An explosion rumbled in the distance as the city wall exploded
“Goddamnit,” Wilson snarled, following after her as she put her foot down and started helping people who had fallen, trying to save as many people as possible, stopping to help a woman with a stroller, facing the wrong direction.
What about my kids? Wilson thought desperately as Sandi fucked around helping others when she could be getting out of dodge.
“Ma’am, you’re facing the wrong way, we’ve got to get to Dungeon street,” Sandi said, approaching them.
“Not to worry, dear, We’ll be fine.” The woman, who looked like she’d been torn out of a nineteen thirties magazine, smiled at them, the very picture of calm.
Did that baby just wink at me? Wilson thought.
With a dismissive gesture, Argus caused Garth to float into the air, still bound by the mana-suppressing chains.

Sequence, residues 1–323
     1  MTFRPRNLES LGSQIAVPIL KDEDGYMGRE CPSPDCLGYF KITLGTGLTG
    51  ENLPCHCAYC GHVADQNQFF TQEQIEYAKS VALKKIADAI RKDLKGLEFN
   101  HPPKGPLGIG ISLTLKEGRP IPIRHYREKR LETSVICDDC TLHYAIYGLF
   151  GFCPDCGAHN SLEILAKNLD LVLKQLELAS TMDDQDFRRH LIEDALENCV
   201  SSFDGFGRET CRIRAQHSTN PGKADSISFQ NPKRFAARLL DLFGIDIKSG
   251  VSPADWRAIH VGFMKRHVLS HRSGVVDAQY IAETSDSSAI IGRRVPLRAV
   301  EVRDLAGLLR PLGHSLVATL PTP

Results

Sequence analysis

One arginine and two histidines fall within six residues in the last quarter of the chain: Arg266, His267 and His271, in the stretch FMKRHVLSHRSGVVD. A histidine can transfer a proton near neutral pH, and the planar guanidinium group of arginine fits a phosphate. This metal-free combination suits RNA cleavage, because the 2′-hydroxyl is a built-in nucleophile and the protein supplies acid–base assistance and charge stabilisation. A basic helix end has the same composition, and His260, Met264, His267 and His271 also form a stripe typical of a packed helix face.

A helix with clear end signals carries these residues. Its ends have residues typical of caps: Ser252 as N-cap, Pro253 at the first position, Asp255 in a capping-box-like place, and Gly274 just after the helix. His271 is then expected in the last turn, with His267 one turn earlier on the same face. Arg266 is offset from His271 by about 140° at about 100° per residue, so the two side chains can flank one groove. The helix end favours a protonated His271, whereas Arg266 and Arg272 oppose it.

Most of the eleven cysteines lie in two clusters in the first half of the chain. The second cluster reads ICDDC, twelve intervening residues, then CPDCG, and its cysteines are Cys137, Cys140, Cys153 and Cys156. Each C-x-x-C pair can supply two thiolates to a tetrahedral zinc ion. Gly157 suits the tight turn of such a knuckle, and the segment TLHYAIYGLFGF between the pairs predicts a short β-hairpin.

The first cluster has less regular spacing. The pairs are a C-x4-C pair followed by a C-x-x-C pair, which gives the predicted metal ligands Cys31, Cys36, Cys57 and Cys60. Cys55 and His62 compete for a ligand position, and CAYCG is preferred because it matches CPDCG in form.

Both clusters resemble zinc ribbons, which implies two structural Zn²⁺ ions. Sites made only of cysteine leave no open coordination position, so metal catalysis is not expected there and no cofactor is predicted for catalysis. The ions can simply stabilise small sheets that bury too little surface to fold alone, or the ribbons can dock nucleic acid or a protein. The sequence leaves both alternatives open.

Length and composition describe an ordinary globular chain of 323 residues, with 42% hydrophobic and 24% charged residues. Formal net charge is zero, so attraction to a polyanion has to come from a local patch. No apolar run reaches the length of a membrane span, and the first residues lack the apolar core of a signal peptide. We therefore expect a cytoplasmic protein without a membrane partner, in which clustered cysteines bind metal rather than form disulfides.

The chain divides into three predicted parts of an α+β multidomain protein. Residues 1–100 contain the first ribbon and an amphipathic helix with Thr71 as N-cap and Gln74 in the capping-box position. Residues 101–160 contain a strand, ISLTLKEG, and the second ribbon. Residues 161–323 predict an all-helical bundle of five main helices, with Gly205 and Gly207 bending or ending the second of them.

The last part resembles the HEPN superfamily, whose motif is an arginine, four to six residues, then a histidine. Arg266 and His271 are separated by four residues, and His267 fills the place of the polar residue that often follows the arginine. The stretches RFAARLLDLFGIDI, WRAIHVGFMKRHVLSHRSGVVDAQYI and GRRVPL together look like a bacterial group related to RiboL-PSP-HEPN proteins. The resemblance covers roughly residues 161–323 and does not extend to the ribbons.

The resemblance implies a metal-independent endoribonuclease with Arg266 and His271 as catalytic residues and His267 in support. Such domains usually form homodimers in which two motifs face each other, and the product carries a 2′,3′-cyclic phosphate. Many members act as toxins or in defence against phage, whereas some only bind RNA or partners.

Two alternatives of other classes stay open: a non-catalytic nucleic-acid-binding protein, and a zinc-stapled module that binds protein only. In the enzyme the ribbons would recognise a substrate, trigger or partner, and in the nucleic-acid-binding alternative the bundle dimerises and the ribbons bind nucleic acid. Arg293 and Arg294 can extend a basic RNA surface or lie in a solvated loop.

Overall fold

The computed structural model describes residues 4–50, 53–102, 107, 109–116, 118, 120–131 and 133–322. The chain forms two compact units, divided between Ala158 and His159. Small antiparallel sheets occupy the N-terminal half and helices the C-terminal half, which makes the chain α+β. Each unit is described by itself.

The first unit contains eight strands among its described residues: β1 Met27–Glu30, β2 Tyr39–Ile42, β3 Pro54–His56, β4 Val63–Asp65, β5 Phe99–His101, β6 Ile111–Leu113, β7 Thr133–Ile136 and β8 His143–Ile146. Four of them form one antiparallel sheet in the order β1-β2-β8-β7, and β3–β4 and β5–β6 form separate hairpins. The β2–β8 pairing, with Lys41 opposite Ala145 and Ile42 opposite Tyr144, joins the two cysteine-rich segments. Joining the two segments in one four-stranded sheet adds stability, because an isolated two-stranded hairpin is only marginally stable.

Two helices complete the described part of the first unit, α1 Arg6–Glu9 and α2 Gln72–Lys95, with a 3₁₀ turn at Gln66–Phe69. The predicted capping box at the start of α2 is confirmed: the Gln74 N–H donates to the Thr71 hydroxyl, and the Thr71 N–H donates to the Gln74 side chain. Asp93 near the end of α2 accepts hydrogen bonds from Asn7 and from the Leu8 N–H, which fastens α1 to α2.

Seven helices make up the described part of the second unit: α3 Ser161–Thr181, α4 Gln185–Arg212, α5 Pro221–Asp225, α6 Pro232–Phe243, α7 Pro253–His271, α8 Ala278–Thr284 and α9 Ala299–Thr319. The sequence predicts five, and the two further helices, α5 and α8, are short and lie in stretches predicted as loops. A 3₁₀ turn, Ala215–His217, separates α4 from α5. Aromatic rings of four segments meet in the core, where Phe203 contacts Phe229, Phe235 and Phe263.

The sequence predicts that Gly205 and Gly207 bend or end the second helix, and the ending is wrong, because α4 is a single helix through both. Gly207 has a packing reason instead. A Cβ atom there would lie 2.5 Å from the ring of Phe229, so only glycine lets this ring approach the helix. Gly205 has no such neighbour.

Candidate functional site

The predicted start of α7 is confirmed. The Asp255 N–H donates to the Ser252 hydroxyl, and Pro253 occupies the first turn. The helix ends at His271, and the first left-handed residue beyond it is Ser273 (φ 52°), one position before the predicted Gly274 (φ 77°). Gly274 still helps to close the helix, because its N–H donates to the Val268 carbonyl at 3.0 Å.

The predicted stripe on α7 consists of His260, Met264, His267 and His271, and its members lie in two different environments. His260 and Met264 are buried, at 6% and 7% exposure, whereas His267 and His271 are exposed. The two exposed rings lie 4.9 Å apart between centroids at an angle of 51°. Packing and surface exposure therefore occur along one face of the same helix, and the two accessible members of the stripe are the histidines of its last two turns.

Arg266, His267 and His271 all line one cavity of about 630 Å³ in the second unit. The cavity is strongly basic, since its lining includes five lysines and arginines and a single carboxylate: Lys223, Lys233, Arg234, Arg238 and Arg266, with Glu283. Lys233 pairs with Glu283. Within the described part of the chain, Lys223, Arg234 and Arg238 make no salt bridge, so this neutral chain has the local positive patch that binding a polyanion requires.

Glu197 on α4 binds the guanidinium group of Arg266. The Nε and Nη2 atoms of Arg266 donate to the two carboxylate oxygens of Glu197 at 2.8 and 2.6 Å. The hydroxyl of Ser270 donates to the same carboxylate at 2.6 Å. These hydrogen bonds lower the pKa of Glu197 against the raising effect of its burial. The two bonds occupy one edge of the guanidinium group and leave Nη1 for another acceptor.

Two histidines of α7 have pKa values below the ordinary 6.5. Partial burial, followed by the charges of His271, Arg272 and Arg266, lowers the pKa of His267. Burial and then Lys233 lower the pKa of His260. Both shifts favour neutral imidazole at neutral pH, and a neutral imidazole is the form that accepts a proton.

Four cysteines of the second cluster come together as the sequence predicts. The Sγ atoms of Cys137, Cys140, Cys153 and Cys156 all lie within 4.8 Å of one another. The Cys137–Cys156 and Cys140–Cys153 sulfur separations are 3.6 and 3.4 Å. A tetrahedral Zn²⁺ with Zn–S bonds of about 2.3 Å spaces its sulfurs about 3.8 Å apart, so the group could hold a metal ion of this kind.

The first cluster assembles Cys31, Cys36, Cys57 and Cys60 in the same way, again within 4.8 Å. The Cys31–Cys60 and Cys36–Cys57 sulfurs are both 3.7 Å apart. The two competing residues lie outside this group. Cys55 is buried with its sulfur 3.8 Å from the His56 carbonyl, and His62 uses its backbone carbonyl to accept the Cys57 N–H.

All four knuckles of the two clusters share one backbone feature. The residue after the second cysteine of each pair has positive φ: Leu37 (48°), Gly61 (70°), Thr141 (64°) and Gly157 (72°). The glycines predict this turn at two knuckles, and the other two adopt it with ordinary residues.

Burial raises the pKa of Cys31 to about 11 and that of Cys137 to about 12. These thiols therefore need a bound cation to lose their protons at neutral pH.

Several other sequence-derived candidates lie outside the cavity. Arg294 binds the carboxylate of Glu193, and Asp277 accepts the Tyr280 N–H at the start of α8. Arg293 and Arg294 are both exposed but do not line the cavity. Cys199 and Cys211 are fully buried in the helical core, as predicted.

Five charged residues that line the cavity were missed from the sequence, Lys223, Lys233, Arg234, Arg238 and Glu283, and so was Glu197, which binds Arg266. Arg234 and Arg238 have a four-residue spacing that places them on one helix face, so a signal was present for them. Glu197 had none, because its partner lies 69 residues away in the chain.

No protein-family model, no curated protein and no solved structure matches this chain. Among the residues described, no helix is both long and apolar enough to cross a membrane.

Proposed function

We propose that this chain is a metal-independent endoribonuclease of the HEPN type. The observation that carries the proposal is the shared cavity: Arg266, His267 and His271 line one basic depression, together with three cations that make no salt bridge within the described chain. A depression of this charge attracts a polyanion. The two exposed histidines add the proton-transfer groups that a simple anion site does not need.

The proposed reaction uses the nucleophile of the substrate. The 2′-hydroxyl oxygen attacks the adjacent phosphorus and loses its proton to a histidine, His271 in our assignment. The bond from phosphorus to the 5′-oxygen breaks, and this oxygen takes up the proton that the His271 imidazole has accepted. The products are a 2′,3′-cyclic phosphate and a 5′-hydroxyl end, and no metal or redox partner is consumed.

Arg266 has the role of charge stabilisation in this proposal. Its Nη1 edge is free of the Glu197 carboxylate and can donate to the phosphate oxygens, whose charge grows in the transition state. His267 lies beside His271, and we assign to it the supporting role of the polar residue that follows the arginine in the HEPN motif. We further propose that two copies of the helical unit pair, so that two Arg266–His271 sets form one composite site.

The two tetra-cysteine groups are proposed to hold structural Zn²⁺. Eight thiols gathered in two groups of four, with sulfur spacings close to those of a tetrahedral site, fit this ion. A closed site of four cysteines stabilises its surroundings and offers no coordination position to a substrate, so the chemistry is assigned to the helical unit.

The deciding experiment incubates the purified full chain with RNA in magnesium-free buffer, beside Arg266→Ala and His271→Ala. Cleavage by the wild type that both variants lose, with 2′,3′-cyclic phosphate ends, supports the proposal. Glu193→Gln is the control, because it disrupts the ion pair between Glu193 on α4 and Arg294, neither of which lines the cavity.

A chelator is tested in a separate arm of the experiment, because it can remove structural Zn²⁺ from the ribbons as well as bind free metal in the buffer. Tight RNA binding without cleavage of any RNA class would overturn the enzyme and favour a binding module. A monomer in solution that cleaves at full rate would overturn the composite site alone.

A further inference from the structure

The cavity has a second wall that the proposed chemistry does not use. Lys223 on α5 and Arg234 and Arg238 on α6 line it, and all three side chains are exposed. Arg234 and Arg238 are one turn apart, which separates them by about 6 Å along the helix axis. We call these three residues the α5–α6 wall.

It didn’t seem to block his implants from functioning, Garth thought as he experimentally wiggled his free stub, just a bit bigger than it had been a minute before. Maybe he could trigger an Illusion Escape or a Teleport given the right opportunity.
The question was, how would he make sure the collar around his neck wouldn’t come with him?
“Come, criminal. You’ll get to witness what happens to people who do not know their place.”
“Oh joy,” Garth said, his mind running through every possibility he could think of to escape the collar. Nothing seemed like it would be sure to stick save decapitation. Garth could probably survive that. Maybe.
Now he just needed to find someone to cut off his head.
“Division four, advance!” the leader shouted, leading the charge through the gap in the walls. They stormed into the streets, moving at superhuman speeds.
The army plowed into a knot of civilians in the street struggling to get away.